Concrete steps forming a circular staircase at the north end of the terrace wall are also preserved. The external face of the staircase has a cement render.
Other remnants that survived until recently included a wide staircase with a flanking, stepped wall, which once connected the upper terrace on which the house was located with the lower terraced area. This was affected by a landslip and no longer exists. The position of the flanking wall, however, is marked by a sharp edge in the surviving ground surface.
4) In-ground remains
Test pits dug in 2012 confirmed the survival of the foundations and lower parts of the above-ground walls of the 1870-1 concrete addition. The walls are situated just below the surface of the grassed area in the upper part of the recreation reserve. Part of the original concrete floor in the western part of the addition is considered likely to remain, together with evidence linked with wooden floors in the eastern part of the structure.
An earthen bank covers the site of an outhouse to the south of the 1870-1 addition. Remains linked to this structure may be preserved. Archaeological material connected with the 1851-3 timber part of Logan Bank may also survive in the northern part of the site, although this area has been at least partly modified by the construction of a concrete crane pad in recent times.
It is also considered probable that a tall retaining wall to Jermyn Street survives beneath at least part of the current pavement of Anzac Avenue. Material linked with the demolition of Logan Bank is likely to exist between this feature and the west wall of the 1870-1 concrete addition, and probably elsewhere on the site including the northeast corner.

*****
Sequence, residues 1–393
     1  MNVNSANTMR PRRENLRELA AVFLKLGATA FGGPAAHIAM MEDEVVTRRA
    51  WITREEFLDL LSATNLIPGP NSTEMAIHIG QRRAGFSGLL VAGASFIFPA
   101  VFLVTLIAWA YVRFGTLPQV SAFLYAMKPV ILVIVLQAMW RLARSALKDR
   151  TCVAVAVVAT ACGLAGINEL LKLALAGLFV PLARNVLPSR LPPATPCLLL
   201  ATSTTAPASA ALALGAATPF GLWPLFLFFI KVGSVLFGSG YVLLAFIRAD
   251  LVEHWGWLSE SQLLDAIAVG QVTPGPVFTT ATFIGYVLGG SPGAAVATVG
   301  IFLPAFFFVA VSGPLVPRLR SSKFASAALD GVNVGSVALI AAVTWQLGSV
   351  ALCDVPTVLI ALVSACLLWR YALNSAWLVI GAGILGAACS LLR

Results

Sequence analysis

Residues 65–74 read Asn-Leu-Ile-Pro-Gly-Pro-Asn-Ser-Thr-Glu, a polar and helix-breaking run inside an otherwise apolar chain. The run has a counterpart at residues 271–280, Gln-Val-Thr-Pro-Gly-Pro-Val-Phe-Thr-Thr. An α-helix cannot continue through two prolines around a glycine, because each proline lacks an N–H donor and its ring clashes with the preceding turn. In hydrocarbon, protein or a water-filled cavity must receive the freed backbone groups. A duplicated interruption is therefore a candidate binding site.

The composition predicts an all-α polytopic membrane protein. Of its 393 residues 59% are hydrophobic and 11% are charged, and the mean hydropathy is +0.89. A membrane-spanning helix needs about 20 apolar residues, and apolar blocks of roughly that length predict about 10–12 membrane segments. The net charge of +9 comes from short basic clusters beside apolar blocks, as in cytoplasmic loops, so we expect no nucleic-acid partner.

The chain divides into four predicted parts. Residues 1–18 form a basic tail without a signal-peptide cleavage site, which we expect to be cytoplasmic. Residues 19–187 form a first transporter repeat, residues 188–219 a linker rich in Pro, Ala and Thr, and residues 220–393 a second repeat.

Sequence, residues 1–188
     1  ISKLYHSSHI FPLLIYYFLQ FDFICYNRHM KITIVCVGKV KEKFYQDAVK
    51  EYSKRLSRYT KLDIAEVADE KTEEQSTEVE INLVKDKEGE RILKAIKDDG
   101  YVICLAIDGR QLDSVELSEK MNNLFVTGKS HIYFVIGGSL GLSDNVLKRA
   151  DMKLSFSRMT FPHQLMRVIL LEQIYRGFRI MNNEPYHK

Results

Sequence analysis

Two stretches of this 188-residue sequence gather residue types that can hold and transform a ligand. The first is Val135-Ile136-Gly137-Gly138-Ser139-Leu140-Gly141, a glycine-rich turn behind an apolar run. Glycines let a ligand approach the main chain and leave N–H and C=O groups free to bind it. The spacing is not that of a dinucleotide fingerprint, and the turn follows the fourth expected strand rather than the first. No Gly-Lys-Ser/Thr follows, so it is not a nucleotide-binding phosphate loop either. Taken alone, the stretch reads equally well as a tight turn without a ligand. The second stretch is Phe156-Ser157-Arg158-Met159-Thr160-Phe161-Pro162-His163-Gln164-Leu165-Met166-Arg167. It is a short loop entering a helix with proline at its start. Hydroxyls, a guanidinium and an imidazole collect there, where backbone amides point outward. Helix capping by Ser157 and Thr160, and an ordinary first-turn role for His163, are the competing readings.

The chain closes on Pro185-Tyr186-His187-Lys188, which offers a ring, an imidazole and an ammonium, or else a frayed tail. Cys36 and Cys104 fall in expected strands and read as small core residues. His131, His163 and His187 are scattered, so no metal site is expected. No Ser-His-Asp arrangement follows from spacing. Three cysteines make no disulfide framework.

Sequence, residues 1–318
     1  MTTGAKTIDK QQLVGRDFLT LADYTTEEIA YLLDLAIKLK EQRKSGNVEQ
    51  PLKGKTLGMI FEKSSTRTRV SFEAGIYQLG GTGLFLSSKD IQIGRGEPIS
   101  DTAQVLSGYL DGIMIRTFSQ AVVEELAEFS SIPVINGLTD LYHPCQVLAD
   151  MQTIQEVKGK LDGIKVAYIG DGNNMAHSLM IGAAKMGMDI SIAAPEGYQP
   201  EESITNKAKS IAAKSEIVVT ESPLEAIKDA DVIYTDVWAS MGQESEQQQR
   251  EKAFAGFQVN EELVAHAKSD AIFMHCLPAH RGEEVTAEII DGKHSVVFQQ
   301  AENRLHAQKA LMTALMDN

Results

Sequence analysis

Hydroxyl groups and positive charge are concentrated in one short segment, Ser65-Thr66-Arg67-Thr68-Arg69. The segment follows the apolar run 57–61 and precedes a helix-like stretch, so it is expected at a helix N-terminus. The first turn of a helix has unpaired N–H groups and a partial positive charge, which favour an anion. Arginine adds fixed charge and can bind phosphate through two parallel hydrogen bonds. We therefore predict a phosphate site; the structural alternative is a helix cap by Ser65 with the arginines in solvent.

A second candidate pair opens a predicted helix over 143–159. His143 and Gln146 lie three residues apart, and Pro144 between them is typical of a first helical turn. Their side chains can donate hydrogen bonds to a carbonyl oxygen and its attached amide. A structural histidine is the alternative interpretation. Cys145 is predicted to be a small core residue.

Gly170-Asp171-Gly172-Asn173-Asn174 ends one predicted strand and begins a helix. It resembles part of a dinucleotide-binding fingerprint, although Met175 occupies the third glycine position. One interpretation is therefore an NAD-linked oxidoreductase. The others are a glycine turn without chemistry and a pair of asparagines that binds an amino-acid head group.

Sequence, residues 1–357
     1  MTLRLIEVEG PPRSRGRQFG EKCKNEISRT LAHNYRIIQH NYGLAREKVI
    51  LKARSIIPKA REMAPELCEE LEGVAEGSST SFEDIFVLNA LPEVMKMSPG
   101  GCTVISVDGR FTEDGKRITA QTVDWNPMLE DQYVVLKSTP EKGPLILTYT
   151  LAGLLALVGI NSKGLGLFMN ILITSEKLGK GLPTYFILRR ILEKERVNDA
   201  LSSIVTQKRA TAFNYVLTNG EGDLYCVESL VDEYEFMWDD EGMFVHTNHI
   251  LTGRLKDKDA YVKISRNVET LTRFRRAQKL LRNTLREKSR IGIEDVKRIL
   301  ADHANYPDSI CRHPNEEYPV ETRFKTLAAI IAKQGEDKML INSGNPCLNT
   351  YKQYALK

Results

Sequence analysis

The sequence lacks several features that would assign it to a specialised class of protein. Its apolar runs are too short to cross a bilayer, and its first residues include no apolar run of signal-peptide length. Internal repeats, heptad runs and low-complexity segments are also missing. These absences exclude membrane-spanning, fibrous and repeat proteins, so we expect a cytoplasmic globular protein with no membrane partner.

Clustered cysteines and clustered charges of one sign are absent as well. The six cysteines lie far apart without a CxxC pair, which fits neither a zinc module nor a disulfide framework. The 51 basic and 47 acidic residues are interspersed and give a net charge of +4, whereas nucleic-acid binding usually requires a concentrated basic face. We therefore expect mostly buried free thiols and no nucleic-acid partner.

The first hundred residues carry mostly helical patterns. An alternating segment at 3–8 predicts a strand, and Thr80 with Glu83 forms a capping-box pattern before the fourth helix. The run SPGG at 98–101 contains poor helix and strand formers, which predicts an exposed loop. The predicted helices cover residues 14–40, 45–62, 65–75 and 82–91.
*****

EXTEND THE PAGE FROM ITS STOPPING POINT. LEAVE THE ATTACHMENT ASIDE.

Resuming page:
No in-ground remnants survive in the southeast part of the site, which has been subject to considerable land slippage.
It is currently unclear if any material linked with earlier, Maori occupation on the site, or in the vicinity, might survive.
i) Early surviving concrete structures
The earliest evidence of concrete still visible in New Zealand may be the remains of a circa 1857 retaining wall at Fyffe House, Kaikoura (Register no. 236, Category 1 historic place). The oldest extant concrete building of known date is a two storey house (1862) erected at Invermay, Mosgiel for John Gow (Register no. 2350, Category 1 historic place). Musterers’ quarters (not registered), on Lake Coleridge station, mid-Canterbury are said to have been built a year earlier. Concrete stables constructed by Alexander Campbell near Outram (not registered) also date from the 1860s, a decade which saw concrete used in floors, yards, gutters and channels in various rural buildings. The earliest surviving substantial concrete farm buildings are those designed in 1870 for James Shand’s Abbotsford property near Outram (Register no. 7579, Category 1 historic place), which include stabling, men’s quarters and an implement shed. An important large-scale building erected soon after Logan Bank is Josiah Firth’s concrete addition to his residence, Clifton, in Remuera (1871-3; Register no. 2623, Category 1 historic place), which took the form of a four-storey Gothic-Revival style tower. Another large structure, the west wing of the Sunnyside Mental Asylum, Christchurch (1871-4), has been demolished.